The 13-year-olds were unimpressed. However, I counted myself truly fortunate to have run into a now-legendary KU Relays competitor for what I though was one final time. Unfortunately I was unable to stay to watch the conclusion to 3-Peat’s “To Catch a Predator” audition tape. I had a race to run.
And run we did. We ended up winning the 4xMile in a complete and utter fluke. It was quite possibly the slowest winning time in Relays history. (*Author’s note: I haven’t fact checked this, but I feel certain it’s at least close to the truth.) D-Block, one of my teammates, was his usual petulant self and was borderline offensive when we were asked for some quotes by the KU student newspaper. My efforts to smooth things over didn’t go particularly well, either, as I was quoted as Nick Garcia in the story about our victory. Apparently in Lawrence, Kansas I look half-mexican.
We headed home that night with a trophy, which our coach commandeered and we never saw again, some pleather-banded watches and what I already considered a pile of great stories. Not even the Hardee’s food or our assistant coach’s country music singing could dampen my mood.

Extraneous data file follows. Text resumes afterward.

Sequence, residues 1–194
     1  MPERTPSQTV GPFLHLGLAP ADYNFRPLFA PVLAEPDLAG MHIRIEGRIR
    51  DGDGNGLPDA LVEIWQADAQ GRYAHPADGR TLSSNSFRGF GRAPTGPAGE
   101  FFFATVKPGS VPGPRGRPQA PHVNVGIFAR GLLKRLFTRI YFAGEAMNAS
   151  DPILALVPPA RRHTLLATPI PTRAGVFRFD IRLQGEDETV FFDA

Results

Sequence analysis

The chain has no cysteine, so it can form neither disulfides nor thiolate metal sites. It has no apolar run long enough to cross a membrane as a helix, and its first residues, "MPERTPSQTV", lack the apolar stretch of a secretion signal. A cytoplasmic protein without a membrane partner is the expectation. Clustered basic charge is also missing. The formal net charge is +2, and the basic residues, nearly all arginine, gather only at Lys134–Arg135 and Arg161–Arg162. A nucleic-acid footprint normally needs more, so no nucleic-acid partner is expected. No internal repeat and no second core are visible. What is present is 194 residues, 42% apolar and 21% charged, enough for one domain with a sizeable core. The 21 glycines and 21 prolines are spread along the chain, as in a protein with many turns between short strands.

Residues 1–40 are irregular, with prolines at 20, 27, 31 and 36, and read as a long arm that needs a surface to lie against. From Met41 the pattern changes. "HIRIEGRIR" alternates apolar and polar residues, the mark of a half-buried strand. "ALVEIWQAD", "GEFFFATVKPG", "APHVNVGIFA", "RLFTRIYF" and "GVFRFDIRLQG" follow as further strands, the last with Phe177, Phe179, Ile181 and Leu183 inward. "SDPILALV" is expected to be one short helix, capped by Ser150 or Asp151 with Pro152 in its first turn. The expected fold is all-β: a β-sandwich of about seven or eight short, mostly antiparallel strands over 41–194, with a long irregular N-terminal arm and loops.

The final day of the KU Relays is reserved for the best of the best. Better college competitors, elite-level pros and Olympians alike are let loose to chase after the glory and prestige of another record; another gold. Garcia, a friend we’ll call Tonto, and I decided that while we weren’t competing we could at least go back and watch some great track races. We arrived just in time to watch a hotly contested, blazingly fast 800 meter run and I wasted no time in regaling everyone around us with tales of 3-Peat and what we had seen in the last two days.
No sooner had I finished telling my epic tale then the other 800 meter races began. These heats were reserved for the faster, more experienced collegiate competitors and promised to be much faster than the heats we’d run in the previous night. We settled in to enjoy some top-notch competition. A few heats in, my gaze wandering across the runners toeing the starting line, I stood up and removed my hat and sunglasses like an overacting extra catching his first glimpse of the asteroid in “Deep Impact.”